Catholic Primate says church should welcome ‘new unions’

Dr Eamon Martin says Catholics should speak out against abortion ‘in a tender, loving way’

Dr Eamon Martin said: “There are many people who feel very strongly about this issue [abortion], and I think it’s very important that we hear that, we listen to it.” Photograph: Eric Luke / The Irish Times

Dr Eamon Martin said: “There are many people who feel very strongly about this issue [abortion], and I think it’s very important that we hear that, we listen to it.” Photograph: Eric Luke / The Irish Times

 

The Catholic Primate of Ireland has said people in “new relationships and unions” should be welcomed into the church.

Archbishop of Armagh Eamon Martin made the comments at a conference celebrating “family and family life”, in preparation for Ireland’s hosting of the World Meeting of Families in 2018.

“The Synod [OF BISHOPS]was clear that we need to be mindful of those who have begun new relationships and unions, and find sincere and truthful ways of welcoming and including them in the life and worshipping community of the church,” he told some 700 delegates at DCU St Patrick’s College, Drumcondra on Saturday.

In his address, Archbishop of Dublin Dr Diarmuid Martin expressed frustration at the amount of media focus on the issue of communion for divorced, remarried and homosexual individuals in the Amoris Laetitia document from last year’s Synod of Bishops discussions on the family in Rome.

He said theological complications surrounding the discussion “doesn’t mean you close doors” on such individuals.

Dr Eamon Martin said there was now an opportunity for the church to connect with young people who were thinking of marriage but had picked up a “distrust of commitment and institutions”.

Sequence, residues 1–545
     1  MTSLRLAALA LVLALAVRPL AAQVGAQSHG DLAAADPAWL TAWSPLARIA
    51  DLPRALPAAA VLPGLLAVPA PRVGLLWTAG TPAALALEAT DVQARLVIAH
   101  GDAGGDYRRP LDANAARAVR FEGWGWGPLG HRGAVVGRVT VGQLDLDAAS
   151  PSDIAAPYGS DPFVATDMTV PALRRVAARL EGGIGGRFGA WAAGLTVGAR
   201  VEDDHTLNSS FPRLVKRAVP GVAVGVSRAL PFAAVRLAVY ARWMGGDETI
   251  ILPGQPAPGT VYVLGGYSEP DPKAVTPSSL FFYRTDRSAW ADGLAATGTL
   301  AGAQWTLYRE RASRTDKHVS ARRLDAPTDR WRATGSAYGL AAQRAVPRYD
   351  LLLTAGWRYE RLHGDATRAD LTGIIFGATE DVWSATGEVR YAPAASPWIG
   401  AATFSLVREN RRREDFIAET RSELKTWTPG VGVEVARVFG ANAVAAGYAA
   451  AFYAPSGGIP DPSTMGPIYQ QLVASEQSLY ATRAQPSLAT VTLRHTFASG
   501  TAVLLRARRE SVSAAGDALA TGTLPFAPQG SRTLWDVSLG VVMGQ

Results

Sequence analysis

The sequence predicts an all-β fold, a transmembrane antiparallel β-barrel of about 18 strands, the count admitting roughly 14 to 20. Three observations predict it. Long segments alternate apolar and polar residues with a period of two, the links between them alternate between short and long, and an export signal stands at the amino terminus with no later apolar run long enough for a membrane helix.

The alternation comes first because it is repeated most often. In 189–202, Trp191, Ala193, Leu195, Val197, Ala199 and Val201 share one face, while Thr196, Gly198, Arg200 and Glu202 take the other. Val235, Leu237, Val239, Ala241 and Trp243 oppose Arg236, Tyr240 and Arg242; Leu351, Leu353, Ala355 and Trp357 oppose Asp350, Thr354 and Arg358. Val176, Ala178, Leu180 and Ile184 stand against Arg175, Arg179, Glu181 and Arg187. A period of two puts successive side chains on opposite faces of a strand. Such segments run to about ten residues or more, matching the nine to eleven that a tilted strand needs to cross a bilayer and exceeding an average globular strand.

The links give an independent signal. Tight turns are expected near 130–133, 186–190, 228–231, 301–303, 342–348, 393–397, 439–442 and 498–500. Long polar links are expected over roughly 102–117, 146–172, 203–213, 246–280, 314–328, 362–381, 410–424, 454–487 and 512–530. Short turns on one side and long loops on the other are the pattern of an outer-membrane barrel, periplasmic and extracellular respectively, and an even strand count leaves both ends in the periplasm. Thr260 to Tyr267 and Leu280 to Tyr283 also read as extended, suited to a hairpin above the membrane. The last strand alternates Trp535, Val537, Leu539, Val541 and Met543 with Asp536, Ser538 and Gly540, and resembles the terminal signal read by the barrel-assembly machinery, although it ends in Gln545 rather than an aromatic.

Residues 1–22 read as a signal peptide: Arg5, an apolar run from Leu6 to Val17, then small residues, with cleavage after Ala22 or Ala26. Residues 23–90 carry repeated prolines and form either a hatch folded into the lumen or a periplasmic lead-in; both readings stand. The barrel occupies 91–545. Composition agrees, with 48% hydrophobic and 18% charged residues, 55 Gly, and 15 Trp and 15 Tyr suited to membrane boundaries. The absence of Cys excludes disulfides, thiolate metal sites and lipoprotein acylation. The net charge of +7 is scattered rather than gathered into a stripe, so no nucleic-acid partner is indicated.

Asked whether the church had any authority to speak about abortion or the merits of the Eighth Amendment, the Catholic Primate said: “There are many people who feel very strongly about this issue, and I think it’s very important that we hear that, we listen to it.

“Human life is the most fundamental right of all, and certainly we will try to continue to speak about that in a tender way, in a loving way, in a compassionate way.”

On the topic of the threat posed to families by violence and criminality, Dr Diarmuid Martin said he is “very worried” about the number of recent stabbings in Dublin and that something must be done to address the attacks.

He spoke about drug culture and suppliers who are “prepared to kill to defend themselves.

“There’s [A]. . . challenging problem about violence, and that’s the number of stabbings that are going on, very often unprepared and unthought,” he said.

“It’s a very worrying thing that people go out, go to a party, and end up stabbed. All of us need to start speaking about the way this violence is developing in our society. Some of it is drug-related,” he said.

“Young people are dragged into a drug culture at a very early age, and in all of this there are people who are making enormous amounts of money and are prepared to kill to defend themselves in that.”

He revealed that the Dublin Archdiocese is “looking at a particular premises” to provide extra housing for families living in emergency hotel accommodation ahead of the onset of winter.

“It’s a big emergency. Two years ago we had an emergency and plans to address it, and still we’re not making it.”

Dr Martin, who will be the official president of the World Meeting of Families in 2018, said he still “shivers” when considering the organisational challenges posed by the event.

When asked if the State will contribute to running costs, he said: “You’ll have to ask the State.”

He repeated his wish for Pope Francis to attend the meeting, but said the pontiff’s diary will not be completed until a later date.